What’s in store for 2018?
Katie Smith looks at what’s in store for the confectionery industry in 2018. While the quest for more natural products will continue, uncertainty around Brexit negotiations is likely to have an impact on investment plans.
While last year saw the end of EU sugar production quotas and uncertainty around Brexit negotiations, this year could see a somewhat bigger drive towards sustainability in terms of waste reduction and the rise of clean label.
Confectionery consultant Graham Godfrey believes this ‘Brexit uncertainty’ is going to have an impact on business plans. “I think investment will be held back not only because of ‘internal’ uncertainty, but also because the UK economy will start to suffer, and with it at the very least, disposable income,” he explains. “The collapse in the value of the pound is going to start to drive inflation, particularly where products are heavily reliant on imported ingredients, which is virtually all confectionery.”
This uncertainty, Godfrey believes, will limit opportunities for many confectionery companies. “Everything is going to stall because of uncertainty, including the chance of a change of UK government resulting in major economic change,” he adds. “I don’t think the cheaper pound is going to have a large effect because European companies will become increasingly disconnected from the UK marketplace and suppliers.”
However, confectionery consultant Andy Baxendale notes that while Brexit uncertainty continues to make ingredients more expensive, UK products have become cheaper for export markets. “Sugar tax could be a burden if imposed on confectionery,” he notes, adding, “This needs to be countered by strong representation from the industry to drive for better education at all levels and to reinforce the importance of balanced diets, including treats.”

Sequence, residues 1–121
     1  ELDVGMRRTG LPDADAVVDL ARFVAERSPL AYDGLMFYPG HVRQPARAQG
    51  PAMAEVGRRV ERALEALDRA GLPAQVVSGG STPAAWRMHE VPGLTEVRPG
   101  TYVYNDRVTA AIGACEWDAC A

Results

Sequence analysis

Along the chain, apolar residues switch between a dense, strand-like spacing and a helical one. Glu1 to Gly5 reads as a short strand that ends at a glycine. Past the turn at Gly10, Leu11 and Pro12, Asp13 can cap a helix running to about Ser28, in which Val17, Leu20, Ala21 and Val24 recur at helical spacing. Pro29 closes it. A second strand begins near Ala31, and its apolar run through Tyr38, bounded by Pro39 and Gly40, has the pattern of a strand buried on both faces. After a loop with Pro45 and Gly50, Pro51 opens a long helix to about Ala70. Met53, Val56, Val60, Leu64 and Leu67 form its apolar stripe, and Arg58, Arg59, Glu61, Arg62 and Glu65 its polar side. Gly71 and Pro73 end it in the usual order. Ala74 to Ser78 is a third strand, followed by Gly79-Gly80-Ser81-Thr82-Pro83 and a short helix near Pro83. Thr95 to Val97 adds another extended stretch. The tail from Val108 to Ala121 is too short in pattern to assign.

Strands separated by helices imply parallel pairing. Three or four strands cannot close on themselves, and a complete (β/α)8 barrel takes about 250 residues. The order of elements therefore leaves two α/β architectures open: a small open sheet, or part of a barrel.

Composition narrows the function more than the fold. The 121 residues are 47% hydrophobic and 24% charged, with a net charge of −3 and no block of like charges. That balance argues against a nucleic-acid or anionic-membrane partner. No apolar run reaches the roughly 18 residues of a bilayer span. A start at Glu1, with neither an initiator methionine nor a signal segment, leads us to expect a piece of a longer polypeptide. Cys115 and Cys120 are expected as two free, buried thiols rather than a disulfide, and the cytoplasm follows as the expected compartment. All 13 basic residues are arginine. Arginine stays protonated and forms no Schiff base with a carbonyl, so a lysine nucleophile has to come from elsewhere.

Indeed, Marcia Mogelonsky, global confectionery analyst at Mintel, notes, “Of course, in confectionery a big issue will continue to be sugar and whether confectionery can retain its ‘permissibility’ as a sugary ‘treat’ for occasional consumption.”
A trend in the industry last year was the rise of clean label ingredients, with this set to continue in 2018. “Clean labels will continue to be big as consumers want more and more to know that the foods they eat are healthy. Growth in vegan/vegetarian sweets, for example, no animal gelatin, as well as natural – no artificial flavours or colourings – are also still important,” Mogelonsky explains.
Indeed, the quest for more natural products will continue together with clean label products, according to Baxendale. “We will see an increase in free from products, for example, gluten- free, gelatin-free and allergen-free among others.”
He adds, “Sustainability and ethical trading will continue to be important factors in the confectionery industry. Sustainability in terms of waste reduction and reuse was a major topic for big manufacturers in 2017 and it will remain so throughout 2018.”
In terms of sustainable packaging, Baxendale says plastic-based packaging for confectionery will come into the spotlight and prompt calls for either biodegradable or non-plastic alternatives. “Fluctuating oil prices will have an effect on film prices again, which has been prompted by growing political instability in certain areas,” he tells Confectionery Production.
Price is equally important for companies looking to upgrade their equipment. “Prices from European manufacturers need to compete with growing markets in China and India,” Baxendale adds. “There is a constant search among confectionery manufacturers for efficiency gains from their equipment – how far can this be taken? Will this effect jobs if machines/automation can replace staff to an even greater extent?”
Overall, Godfrey believes small companies will try to survive on novelty, but will find lower disposable income against market growth. “Large companies will continue to focus solely on cost reduction and the larger retailers will pressurise suppliers in order to hold market share in competition from Aldi and Lidl, who will continue to grow aggressively,” he concludes.
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